Now that trouble had come calling, where were they to flex their lying muscles? Where were the thieving local government officials and their area boys? The Area fathers have slunk away like sly foxes with their tails tucked in-between their legs.

Nkoyo sits on an overturned mortar beside the rubble in weariness, her ambitions of expanding her business callously truncated. Her leaden legs are too tired to carry her home.

Glossary for words in italics that you may not know:

Afang soup: A vegetable soup originating from the South Eastern part of Nigeria – Cross River states.

Agege bread: A very popular low class bread baked in Lagos and favored by laborers. Usually very soft and eaten with so many variations of items e.g eggs, beans, bean cakes, etc

Akara: Bean cakes made from peeled black eyed peas and fried in hot oil.

Area boys/fathers:ย  These are loosely organized gangs of young men, who roam the streets of Lagos. They extort money from passers-by, act as informal security guards, and perform other “odd jobs” in return for compensation.

Book me down: Customers who purchase food on credit and keep an account with the food vendor.

Buka: Local food canteen a step below restaurants. Food cheaper than the restaurants.

Dodo: Fried ripe plantain

Go slow: Slow crawling traffic

Jollof: A popular meal eaten in most West African homes, a one-pot meal made with fried tomato and pepper stew, rice, meat and spices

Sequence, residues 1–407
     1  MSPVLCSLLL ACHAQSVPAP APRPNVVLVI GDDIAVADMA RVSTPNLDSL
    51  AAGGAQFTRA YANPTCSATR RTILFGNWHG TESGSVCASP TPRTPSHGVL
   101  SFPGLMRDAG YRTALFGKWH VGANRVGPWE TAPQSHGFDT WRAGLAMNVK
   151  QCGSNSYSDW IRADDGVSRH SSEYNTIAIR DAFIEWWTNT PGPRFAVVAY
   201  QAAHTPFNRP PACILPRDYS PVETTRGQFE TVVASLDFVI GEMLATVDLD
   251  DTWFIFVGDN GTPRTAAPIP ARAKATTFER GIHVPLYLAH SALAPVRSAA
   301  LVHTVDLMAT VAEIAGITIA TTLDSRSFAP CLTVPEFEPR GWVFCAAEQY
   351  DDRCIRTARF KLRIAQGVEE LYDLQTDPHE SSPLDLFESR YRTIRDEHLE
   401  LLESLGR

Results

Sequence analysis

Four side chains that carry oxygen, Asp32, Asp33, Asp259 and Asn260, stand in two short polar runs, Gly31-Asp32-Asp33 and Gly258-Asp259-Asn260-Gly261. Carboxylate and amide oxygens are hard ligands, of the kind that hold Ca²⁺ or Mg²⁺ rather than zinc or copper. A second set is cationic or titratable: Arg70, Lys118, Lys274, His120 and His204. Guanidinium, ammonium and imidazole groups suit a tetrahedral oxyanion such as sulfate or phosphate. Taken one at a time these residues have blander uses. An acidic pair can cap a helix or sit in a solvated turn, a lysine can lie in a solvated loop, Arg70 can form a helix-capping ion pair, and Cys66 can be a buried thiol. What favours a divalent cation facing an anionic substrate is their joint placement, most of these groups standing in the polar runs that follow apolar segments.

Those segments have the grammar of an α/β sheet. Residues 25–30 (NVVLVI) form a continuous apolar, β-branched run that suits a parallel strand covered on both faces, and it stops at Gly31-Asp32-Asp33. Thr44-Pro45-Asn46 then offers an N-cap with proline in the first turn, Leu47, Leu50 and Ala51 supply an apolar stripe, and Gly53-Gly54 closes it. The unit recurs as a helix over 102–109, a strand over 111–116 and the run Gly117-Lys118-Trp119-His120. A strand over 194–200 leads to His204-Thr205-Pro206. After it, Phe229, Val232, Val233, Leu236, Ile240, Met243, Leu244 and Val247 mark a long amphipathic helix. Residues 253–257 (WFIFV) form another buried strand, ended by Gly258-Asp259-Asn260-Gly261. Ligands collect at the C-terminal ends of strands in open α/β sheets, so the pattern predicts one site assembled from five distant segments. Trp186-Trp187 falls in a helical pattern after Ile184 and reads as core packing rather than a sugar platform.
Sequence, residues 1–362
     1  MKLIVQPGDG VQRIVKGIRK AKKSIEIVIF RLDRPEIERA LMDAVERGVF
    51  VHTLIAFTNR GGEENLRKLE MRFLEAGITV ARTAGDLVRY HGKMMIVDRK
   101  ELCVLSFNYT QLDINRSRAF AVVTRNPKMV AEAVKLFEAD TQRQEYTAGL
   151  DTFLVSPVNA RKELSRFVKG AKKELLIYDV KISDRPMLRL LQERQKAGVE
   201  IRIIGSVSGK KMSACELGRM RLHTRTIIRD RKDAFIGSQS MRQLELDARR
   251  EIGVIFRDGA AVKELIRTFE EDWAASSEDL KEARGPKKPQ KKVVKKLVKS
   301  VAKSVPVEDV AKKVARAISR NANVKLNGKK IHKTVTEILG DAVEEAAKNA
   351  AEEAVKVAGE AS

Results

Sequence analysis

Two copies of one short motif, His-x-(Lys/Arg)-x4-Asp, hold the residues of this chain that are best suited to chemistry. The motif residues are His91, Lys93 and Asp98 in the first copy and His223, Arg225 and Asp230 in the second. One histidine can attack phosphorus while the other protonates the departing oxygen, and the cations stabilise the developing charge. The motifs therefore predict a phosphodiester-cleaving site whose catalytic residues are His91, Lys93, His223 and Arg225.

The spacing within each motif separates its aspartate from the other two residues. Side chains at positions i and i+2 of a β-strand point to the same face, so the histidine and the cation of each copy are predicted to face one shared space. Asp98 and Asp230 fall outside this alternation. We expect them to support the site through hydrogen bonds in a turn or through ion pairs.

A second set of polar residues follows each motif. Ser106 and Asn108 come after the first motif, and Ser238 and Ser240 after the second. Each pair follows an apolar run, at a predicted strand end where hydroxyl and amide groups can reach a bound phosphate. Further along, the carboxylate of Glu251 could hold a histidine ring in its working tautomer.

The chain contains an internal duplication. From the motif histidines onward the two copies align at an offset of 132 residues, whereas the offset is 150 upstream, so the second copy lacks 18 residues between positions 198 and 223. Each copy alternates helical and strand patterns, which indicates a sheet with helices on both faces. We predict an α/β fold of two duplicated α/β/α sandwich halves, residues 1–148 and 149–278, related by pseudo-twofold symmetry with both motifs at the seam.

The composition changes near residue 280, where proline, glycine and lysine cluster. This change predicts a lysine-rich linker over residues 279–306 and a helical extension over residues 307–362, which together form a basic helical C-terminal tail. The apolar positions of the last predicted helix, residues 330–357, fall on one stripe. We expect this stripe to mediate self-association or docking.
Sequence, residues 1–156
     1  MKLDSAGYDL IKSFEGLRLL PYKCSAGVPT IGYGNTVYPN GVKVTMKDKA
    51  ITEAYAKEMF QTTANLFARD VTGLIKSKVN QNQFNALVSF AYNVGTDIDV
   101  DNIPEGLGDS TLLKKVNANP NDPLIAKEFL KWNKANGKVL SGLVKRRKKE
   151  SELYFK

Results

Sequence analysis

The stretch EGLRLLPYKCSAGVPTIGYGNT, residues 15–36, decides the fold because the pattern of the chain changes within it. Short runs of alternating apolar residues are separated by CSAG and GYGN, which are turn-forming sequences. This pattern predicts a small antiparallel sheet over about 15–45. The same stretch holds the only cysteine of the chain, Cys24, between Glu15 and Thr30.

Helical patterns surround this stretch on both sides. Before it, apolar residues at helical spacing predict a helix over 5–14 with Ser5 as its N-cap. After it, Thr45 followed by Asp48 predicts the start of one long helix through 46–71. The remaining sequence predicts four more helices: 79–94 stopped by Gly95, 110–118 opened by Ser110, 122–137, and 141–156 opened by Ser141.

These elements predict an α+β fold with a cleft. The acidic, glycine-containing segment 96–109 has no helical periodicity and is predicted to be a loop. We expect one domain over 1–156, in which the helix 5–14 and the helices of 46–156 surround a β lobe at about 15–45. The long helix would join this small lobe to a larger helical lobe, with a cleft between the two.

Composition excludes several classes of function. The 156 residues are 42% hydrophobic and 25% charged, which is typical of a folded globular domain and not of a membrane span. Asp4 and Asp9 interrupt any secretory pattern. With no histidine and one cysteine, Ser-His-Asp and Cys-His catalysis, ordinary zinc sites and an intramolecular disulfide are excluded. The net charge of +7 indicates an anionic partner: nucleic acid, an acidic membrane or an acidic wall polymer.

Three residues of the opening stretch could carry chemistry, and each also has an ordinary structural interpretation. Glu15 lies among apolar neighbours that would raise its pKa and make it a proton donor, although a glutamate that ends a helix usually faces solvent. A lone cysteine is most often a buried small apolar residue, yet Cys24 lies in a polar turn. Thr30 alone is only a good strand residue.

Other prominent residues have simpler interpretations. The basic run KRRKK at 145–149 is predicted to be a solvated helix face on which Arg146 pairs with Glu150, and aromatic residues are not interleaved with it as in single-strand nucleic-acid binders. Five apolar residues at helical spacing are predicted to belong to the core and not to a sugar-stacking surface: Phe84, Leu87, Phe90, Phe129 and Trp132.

Keke: Tricycles

Kabu’kabu: Shared taxi

Kpom, kpom: Typical sound made from pounding.

Kunu: Popular drink consumed throughout Nigeria but mostly in the North. Made out of millet or sorghum

Mama Put: Road side food seller so called because her customers are known to beg for extra food for their plates ”mama abeg put more now”

Mai Shayi: Road side hot tea sellers

Na wa o: Exclamation which expresses so many things such as surprise, woe, you don’t say etc

Ogi: Liquefied maize meal which is thickened with hot water and sweetened with sugar and/or milk.

Okada: Commercial motorcycle used as vehicle for hire in Nigeria.

Pure Water: Water bagged in disposable sachets.

This poundo fit belleful person so?: Will this pounded yam fill me up?

ยฉ Jacqueline Oby-Ikocha

Image credits: Nairaland.com

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82 thoughts on “Mama Put… A short story

  1. I love how you add the definition of words to some of your posts…it saves a lot of time googling!!! Hey, are you in the process of writing a book now? I would LOVE to read one of your novels. I know you’d mentioned writing a book before but I can’t remember whether you said you were actually writing something or wanting to.

    Liked by 1 person

    • Good idea to add the glossary, right? I thought that would help too. Yes I am in the process of writing one. A page or two a day. Wish I could go faster really, but with all other responsibilities sitting on top on one’s head, it makes it unfeasible. Though on some days I have a good spurt of energy and just write till I am limp.

      Liked by 1 person

  2. I love your description of life around the food stand. It’s a basic part of the community. Watching it all crumble in the end was very saddening. I bet this sort of thing really does happen in Nigeria?

    I remember when I was a little girl living in Nigeria (for a year). A lady would bring a food cart to my school. She’d have sweet pastries in the food cart. It was so good.